wp_nonce_field('rcru_inner_custom_box', 'rcru_inner_custom_box_nonce');

	echo '<div style="margin: 10px 100px; text-align: center">
    <table>
		<tr>
		<th scope="row"><label for="rcru-restrict-content">Restrict content?</label></th>
			<td>
                        <input type="checkbox" value="1" name="rcru_restrict_content" id="rcru-restrict-content"' . checked($restrict_post, 1, false) . '>
                        <span class="description">Checking this setting will restrict this post to only registered users.</span>
                    </td>
                    </tr>
	</table>
</div>';
}

The rcru_mb_save_data function handles the security check and the saving of the form values to the database.

function rcru_mb_save_data($post_id) {
	/*
	 * We need to verify this came from the our screen and with proper authorization,
	 * because save_post can be triggered at other times.
	 */

	// Check if our nonce is set.
	if (!isset($_POST['rcru_inner_custom_box_nonce']))
		return $post_id;

	$nonce = $_POST['rcru_inner_custom_box_nonce'];

	// Verify that the nonce is valid.
	if (!wp_verify_nonce($nonce, 'rcru_inner_custom_box'))
		return $post_id;

	// If this is an autosave, our form has not been submitted, so we don't want to do anything.
	if (defined('DOING_AUTOSAVE') && DOING_AUTOSAVE)
		return $post_id;

	// Check the user's permissions.
	if ('page' == $_POST['post_type']) {

		if (!current_user_can('edit_page', $post_id))
			return $post_id;
	} else {

		if (!current_user_can('edit_post', $post_id))
			return $post_id;
	}

	/* OK, its safe for us to save the data now. */

	// If old entries exist, retrieve them
	$old_restrict_post = get_post_meta($post_id, '_rcru_restrict_content', true);

	// Sanitize user input.
	$restrict_post = sanitize_text_field($_POST['rcru_restrict_content']);

	// Update the meta field in the database.
	update_post_meta($post_id, '_rcru_restrict_content', $restrict_post, $old_restrict_post);

}

//hook to save the meta box data
add_action('save_post', 'rcru_mb_save_data');

The function restrict_content_metabox will examine a given post or page to see if it has restrictions, check if the user reading the post is registered and display a notice telling the user to register.

function restrict_content_metabox($content) {
	global $post;
	//retrieve the metadata values if they exist
	$post_restricted = get_post_meta($post -> ID, '_rcru_restrict_content', true);
	
	// if the post or page has restriction and the user isn't registered
	// display the error notice
	if ($post_restricted == 1 &&  (!username_exists(wp_get_current_user()->user_login)) ) {

		return '<div align="center" style="color: #fff; padding: 20px; border: 1px solid #ddd; background-color: #3B5998">
	You must be a registered user to read this content.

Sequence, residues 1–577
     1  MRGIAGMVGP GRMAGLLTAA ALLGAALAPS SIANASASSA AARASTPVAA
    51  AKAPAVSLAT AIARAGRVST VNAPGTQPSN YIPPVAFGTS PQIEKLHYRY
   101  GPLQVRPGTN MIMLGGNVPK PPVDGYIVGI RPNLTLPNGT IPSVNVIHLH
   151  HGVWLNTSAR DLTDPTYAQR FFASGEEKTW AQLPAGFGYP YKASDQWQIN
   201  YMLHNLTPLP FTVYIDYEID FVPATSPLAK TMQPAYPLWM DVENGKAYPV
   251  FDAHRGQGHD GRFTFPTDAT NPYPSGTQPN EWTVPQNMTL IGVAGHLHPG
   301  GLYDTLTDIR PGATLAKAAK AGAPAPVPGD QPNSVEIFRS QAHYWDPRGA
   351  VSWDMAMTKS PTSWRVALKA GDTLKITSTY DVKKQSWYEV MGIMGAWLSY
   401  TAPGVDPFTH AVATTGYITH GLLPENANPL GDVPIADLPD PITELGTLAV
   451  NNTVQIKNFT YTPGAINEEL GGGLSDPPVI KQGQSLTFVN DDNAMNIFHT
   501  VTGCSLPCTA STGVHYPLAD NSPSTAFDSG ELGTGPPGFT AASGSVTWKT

<br/>
	<a style="font-size: 20px;" href="' . get_site_url() . '/wp-login.php?action=register">Register Here</a>
</div>';
	}
	
	return $content;

}

// hook the function to the post content to effect the change
add_filter('the_content', 'restrict_content_metabox');

Adding the Shortcode

With the shortcode, part of a post can be restricted to only registered users.

The function rcru_user_shortcodes contains the shortcode hook function add_shortcode that defines the shortcode tag [rcru-private].
The second argument passed to add_shortcode is the callback function that is called when the shortcode is in use.

/* Function for registering the shortcode. */
function rcru_user_shortcodes() {

	/* Adds the [rcru-private] shortcode. */
	add_shortcode('rcru-private', 'rcru_shortcode');
}

The function is then registered to init action so it will be recognised by WordPress internals.

/* Register shortcodes in 'init'. */
add_action('init', 'rcru_user_shortcodes');

Finally, the rcru_shortcode callback function handles the shortcode output.

/* Function for handling shortcode output. */
function rcru_shortcode($attr, $content = '') {

	/* Check if the current user has the 'read_private_content' capability. */
	$current_reader = wp_get_current_user();
	if (!username_exists($current_reader -> user_login)) {

		/* Return an alternate message. */
		return '<div align="center" style="color: #fff; padding: 20px; border: 1px solid border-color: rgb(221, 204, 119); background-color: #3B5998">
	You must be a registered user to read this content.
	<br/>
	<a style="font-size: 20px;" href="' . get_site_url() . '/wp-login.php?action=register">Register Here</a>
</div>';
	}
}

How the plugin works

The plugin will have a settings page with a form field that accept Post & Page IDs to be restricted, delimited by a comma.

To restrict a given post or page, enter their respective IDs, separated by a comma (,) in the form field. To get the ID of a post, go to the post edit screen (TinyMCE editor for writing post content), and look at the URL of the page. The number appended to ?post= is the post ID.

For instance, for http://wordpress.dev/wp-admin/post.php?post=88&action=edit, the number 88 is the post or page ID.

Metabox in post & Page edit screen

A post or page can also be restricted to registered users by ticking the Restrict content checkbox located at the metabox (added by the plugin to the post edit screen).

Shortcode

Part or the section of a post or page content can be hidden from public view and displayed only to registered members with the use of a plugin shortcode like this:

[rcru-private]Part of post or page content to be restricted to only registered users.[/rcru-private]

Lastly, here is a link to the plugin file. Feel free to explore the code and happy coding!

Editor’s note: This post is written by Agbonghama Collins for Hongkiat.com. Agbonghama is a web developer by day and freelance writer / blogger by night. When not wrangling with code, he is fond of sleeping on the couch and writing on his personal blog tech4sky.com. You can find him on Facebook and G+.

Advertisement

Comments are closed. Contact Us.